AMumInScotland Mon 21-Jul-14 14:55:17

He gets angry at strangers for very little provocation.
He gets angry at you for things that are quite ordinary and normal.
He sulks when he is 'upset'
You feel frightened by the way he behaves.

What would you say to a friend in this situation?

It's a long way from someone 'sometimes' getting angry - anger pretty much defines this man, doesn't it?

As others have said, this is not a relationship you should be staying in.

TurboWithAKick Mon 21-Jul-14 14:55:26

How many boyfriends have you had?

StillStayingClassySanDiego Mon 21-Jul-14 14:56:21

I feel like if I leave I will be the world's biggest cow. He says I'm the love of his life

He would say that wouldn't he, does he say it every time you've shown fear when he's lost his temper?

Gruntfuttock Mon 21-Jul-14 14:56:33

Imagine what might happen if you had a baby with this man and he lost his temper because it kept crying or had woken him up. Not worth the risk is it? Leave him.

AMumInScotland Mon 21-Jul-14 14:57:22

Does he think there is a problem with his behaviour? If not, no amount of counselling is going to sort this out.

You say you also have problems with anger - ok, but you recognise that, and have taken the responsbility for doing something about it. Has he? Does he?

cailindana Mon 21-Jul-14 14:58:19

No, asking him to go to anger management is not appropriate. If he felt his anger was a problem, he would do something about it himself. Clearly he doesn't think it's a problem. I'm guessing that if you try to talk about it with him he'll somehow blame you for how he acts.

He can tell you you're the love of his life until he's blue in the face. He still treats you badly, so clearly love doesn't really mean much to him, does it?

Smilesandpiles Mon 21-Jul-14 14:58:33

Getting angry to the point your face is red, arms waving about and your eyes are bulging out ISN'T NORMAL and no amount of anger management will help with that.

You are getting answers you didn't want to hear and I doubt they will differ from what has already been said.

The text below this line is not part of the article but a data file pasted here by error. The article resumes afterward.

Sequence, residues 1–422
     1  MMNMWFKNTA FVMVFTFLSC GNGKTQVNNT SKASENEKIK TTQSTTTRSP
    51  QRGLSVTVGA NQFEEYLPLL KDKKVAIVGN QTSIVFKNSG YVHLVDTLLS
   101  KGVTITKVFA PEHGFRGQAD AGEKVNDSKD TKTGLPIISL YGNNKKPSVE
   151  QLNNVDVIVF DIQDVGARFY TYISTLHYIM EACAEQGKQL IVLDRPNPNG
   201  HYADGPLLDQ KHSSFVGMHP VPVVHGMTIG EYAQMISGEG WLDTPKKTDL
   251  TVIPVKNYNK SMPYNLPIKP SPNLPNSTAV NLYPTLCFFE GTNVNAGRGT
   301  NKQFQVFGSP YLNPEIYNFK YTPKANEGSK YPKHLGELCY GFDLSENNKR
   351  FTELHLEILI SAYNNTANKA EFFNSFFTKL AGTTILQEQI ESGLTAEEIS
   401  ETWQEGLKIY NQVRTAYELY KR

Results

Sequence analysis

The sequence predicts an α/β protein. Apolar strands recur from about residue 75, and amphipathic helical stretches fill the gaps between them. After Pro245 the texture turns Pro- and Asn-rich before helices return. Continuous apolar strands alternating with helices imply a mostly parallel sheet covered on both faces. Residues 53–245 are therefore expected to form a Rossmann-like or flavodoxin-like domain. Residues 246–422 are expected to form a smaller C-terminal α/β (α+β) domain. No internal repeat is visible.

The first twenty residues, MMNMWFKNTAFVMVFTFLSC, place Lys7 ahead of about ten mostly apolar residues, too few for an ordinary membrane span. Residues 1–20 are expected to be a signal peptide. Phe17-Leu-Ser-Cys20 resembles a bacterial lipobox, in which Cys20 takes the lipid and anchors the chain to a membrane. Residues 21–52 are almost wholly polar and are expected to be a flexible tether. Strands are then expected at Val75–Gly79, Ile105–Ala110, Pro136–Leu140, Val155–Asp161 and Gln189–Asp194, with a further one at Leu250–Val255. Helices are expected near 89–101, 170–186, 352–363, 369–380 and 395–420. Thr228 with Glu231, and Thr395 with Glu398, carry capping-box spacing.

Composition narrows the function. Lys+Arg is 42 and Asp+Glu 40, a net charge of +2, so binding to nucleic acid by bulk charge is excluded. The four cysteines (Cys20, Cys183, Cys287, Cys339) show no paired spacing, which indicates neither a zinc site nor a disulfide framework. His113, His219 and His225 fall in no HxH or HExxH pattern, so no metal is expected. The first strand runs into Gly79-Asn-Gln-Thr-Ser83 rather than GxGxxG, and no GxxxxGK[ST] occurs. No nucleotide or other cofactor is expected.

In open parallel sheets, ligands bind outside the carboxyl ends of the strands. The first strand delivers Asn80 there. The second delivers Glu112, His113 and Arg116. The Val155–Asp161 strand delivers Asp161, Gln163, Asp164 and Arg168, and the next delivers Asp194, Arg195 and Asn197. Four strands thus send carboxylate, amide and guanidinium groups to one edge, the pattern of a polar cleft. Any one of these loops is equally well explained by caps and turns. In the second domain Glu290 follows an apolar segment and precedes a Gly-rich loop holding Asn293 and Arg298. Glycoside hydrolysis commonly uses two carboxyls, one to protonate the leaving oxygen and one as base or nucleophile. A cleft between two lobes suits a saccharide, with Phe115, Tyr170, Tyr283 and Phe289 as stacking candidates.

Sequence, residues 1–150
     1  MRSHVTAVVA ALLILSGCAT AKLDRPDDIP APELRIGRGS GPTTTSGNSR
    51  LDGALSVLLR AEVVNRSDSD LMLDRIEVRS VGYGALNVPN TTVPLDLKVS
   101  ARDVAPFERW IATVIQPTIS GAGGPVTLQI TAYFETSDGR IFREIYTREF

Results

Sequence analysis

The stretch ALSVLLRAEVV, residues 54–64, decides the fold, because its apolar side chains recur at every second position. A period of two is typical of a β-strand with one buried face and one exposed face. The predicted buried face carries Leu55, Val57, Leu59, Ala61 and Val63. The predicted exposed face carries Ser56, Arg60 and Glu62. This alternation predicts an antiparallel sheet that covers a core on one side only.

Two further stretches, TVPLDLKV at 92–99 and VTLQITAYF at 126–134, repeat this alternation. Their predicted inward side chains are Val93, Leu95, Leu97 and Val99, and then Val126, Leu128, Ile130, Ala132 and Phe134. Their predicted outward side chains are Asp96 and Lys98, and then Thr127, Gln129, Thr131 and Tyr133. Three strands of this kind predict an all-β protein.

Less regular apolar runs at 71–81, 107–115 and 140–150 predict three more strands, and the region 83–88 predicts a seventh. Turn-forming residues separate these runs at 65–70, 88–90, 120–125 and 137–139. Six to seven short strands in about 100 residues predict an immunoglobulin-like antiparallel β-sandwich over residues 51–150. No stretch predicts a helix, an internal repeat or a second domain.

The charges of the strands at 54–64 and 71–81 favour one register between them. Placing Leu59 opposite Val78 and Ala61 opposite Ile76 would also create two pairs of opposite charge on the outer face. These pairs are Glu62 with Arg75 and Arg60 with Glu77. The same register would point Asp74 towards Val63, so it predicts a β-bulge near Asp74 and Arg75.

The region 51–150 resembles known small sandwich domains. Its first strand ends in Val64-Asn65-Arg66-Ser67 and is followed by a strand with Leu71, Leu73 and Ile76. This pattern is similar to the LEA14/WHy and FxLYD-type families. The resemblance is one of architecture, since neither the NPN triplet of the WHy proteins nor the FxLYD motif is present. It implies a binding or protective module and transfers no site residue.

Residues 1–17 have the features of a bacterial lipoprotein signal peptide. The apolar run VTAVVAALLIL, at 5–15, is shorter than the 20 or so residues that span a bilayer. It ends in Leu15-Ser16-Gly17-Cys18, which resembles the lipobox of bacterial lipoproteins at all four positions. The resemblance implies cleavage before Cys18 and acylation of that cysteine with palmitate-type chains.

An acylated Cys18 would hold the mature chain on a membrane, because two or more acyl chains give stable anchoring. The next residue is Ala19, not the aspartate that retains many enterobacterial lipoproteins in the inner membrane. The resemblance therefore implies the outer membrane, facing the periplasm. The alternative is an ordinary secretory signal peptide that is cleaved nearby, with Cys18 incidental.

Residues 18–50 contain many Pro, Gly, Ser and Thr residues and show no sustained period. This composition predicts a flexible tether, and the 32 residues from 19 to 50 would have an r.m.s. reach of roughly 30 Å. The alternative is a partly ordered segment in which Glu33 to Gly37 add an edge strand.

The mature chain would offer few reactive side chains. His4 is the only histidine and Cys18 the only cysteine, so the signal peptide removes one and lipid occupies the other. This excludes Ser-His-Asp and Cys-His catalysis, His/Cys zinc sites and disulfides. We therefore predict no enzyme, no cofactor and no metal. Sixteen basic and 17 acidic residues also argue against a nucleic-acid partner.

Be warned, this relationship and his anger will not make you happy. All the warning signs are there and more...even your excuses to it and his behaviour is something we have all seen before, if not said

HecatePropylaea Mon 21-Jul-14 14:59:12

What when he turns that temper on you? You already say he shouts and denies it and that you find it frightening.

Do you want to be yelled at and humiliated? Want that for any children?

You wouldn't be a cow if you were to choose to decide that you could not respect someone who treated others with contempt and who had toddler like tantrums.

It wouldn't be unreasonable at all to tell him to sort it out.

Just out of interest, has he lost many jobs by screaming at the company director or been arrested much for kicking off at the police? Or is he able to hold his temper with people who have the power to affect his life?

StillStayingClassySanDiego Mon 21-Jul-14 14:59:36

when he has done so much for me? like what?

Smilesandpiles Mon 21-Jul-14 15:00:36

" he shouts and denies it" Gaslighting, another flag.

EarthWindFire Mon 21-Jul-14 15:04:07

When you say you have anger issues too what do you mean?

Viviennemary Mon 21-Jul-14 15:04:25

I don't think this one incident would make me run for the hills. Does nobody on MN have a temper. I know I do.

Smilesandpiles Mon 21-Jul-14 15:05:23

Vivienne - read the op. It's more than once. It's a few times now.

NotNewButNameChanged Mon 21-Jul-14 15:05:40

Um, "he will do anything to make you happy"?

Except sort out his temper?

cailindana Mon 21-Jul-14 15:05:47

It's not one incident Vivienne. And the OP finds it frightening.

"Having a temper" is absolutely no excuse for frightening the people around you.